127 Hours

Director: Danny Boyle (2010)
Starring: James Franco, Dwayne Johnson.
Find it: IMDB

Silly outdoors idiot Aron Ralston (Franco) falls down a hole and gets his hand stuck under a rock. The main selling point of the movie being that he cuts his hand off in the end. It's a good job that Danny Boyle knows how to direct a film, because most movies suck when you know what happens in the end. Case in point, Titanic.

Ralston is an excitement-seeker who takes off canyoneering in Utah, alone and without telling anyone where he's going. He's distracted by a pair of hotties (Kate Mara and Amber Tamblyn) who invite him to a party before he runs away again and falls down a hole. He's followed down his hole by a rock (The Rock, almost unrecogniseable beneath all that heavy makeup) what crushes his hand and traps him there. It's really hot and Ralston has very little to eat or drink. All he does have is a handheld videocamera, some climbing rope and a blunted multitool. Not even a Leatherman.

127 Hours is a true story, based on the real life experience of Aron Ralston, who recounts it in his book Between A Rock And A Hard Place (GET IT). People like Ralston miff me royally off, since I used to work in an outdoorsy shop and had to deal with his sort all day. People with a passion for the outdoors are generally quite annoying and arrogant and go around falling down holes and dying outside of abandoned buses, but only when they're not asking me stupid questions about vegetarian shoes and bragging about how many holidays they've been on this year. Aside from Ralston being a bit of a pain in the ass to begin with, it's easy to empathise with his position. It's a great question, too. Could you bring yourself to cut your own hand off with a blunt knife? 127 Hours is like an avant-garde remake of Saw.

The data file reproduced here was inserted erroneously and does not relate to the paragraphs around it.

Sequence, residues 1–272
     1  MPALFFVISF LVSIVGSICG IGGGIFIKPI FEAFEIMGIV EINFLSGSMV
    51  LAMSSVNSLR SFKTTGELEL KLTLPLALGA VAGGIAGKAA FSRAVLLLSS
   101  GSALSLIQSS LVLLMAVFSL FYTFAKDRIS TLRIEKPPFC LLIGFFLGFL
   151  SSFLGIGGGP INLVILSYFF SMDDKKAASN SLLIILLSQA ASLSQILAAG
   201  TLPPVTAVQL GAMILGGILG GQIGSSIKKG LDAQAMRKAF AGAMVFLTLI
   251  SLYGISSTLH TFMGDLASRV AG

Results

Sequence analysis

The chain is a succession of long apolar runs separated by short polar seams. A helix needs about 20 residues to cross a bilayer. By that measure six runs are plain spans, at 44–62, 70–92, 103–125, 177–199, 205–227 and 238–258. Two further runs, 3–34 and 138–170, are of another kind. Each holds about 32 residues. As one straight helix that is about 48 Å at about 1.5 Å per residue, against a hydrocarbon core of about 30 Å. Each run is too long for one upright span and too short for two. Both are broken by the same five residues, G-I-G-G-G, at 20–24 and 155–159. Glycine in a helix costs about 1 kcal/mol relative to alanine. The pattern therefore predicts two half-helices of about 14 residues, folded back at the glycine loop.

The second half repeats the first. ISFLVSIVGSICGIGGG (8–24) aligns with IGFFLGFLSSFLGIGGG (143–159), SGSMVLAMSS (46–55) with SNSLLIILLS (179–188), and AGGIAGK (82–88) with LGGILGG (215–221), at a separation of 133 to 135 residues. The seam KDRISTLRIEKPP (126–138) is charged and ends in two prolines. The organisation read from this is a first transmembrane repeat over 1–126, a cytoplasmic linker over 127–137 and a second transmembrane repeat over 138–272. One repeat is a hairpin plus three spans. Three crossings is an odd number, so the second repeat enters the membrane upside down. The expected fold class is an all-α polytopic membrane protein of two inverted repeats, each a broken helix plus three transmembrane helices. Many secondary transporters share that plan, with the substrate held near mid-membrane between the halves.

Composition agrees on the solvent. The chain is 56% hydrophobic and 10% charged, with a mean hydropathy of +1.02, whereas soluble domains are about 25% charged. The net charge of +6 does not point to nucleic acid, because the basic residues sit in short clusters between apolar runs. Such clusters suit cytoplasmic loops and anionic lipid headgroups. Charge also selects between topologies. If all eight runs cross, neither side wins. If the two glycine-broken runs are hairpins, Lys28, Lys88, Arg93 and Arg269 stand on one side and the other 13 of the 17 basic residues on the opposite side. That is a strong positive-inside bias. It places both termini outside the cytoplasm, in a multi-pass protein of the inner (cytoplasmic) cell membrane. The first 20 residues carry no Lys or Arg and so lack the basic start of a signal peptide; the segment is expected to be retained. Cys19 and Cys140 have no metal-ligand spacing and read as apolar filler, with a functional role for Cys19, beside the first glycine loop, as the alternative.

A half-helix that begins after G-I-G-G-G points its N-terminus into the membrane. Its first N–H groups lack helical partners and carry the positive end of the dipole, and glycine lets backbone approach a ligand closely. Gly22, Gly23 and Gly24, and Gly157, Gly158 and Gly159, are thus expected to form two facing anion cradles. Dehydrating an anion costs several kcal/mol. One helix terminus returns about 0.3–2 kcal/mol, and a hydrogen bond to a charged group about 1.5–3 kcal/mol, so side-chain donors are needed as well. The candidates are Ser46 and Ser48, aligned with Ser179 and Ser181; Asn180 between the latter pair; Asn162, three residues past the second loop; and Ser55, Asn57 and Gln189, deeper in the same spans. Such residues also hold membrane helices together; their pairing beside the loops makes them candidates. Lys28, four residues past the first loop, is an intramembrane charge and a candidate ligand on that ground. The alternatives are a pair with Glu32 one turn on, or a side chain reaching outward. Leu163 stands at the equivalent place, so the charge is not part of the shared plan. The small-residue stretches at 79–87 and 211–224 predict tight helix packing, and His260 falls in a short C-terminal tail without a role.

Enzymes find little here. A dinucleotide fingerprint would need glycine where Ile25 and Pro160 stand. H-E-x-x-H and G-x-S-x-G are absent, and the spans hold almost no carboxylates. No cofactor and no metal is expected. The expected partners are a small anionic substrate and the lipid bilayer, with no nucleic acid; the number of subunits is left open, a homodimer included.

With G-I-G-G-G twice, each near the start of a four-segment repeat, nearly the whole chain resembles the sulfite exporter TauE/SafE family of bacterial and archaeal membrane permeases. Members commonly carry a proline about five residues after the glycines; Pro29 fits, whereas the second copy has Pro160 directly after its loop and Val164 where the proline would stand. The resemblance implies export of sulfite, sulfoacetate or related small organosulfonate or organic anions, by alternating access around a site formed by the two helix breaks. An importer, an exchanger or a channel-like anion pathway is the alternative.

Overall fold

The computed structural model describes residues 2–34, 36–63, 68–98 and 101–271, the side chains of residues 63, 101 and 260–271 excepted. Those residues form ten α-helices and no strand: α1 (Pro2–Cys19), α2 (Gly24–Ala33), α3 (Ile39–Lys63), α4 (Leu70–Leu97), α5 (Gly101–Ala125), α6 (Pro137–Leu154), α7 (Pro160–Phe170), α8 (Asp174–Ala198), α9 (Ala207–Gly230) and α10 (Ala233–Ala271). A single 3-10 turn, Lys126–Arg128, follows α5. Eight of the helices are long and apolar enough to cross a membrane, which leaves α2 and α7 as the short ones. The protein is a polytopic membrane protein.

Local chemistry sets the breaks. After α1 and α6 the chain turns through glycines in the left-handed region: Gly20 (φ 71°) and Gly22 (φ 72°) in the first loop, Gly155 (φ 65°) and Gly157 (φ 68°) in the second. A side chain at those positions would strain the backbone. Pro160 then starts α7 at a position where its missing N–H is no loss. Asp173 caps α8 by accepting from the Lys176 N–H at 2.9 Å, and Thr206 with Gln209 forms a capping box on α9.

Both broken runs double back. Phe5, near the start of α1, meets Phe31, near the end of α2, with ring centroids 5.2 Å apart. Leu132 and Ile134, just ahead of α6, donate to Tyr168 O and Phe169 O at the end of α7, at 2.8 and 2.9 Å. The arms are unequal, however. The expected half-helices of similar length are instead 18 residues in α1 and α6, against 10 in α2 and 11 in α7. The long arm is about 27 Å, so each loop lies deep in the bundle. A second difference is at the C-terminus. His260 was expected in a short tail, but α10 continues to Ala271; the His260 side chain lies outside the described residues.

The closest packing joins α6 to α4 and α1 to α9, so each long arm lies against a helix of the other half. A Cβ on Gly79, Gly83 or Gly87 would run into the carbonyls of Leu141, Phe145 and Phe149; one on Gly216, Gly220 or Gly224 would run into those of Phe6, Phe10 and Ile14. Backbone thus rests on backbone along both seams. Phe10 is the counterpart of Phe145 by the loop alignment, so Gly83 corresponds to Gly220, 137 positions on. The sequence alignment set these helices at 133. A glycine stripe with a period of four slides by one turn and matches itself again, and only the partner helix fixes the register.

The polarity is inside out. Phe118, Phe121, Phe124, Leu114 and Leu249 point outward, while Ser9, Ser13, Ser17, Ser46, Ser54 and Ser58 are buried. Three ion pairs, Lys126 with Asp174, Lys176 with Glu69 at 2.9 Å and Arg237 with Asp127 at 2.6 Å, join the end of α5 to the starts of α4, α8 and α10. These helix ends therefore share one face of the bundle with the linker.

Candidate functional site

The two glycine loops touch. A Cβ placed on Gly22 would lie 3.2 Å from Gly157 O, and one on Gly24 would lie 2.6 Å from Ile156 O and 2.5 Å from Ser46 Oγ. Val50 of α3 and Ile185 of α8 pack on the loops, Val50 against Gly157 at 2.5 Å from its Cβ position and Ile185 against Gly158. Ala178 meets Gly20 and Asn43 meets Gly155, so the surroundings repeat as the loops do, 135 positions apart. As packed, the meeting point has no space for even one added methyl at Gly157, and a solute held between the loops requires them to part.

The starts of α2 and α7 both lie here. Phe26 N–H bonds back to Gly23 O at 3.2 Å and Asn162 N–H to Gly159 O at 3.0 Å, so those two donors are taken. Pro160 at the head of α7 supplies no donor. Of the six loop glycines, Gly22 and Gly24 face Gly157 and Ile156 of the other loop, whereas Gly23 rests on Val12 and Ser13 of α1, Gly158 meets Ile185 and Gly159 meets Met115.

Danny Boyle is an expert director, and ensures it's never boring or slow. To be fair, if Boyle can make a film about a guy winning Who Wants To Be A Millionaire good, you best be sure he knows how to make a guy cutting his hand off seem tense. And icky, too. It's not as faint-inducing as its publicity might have you believe, but you'll definitely go "ooh."

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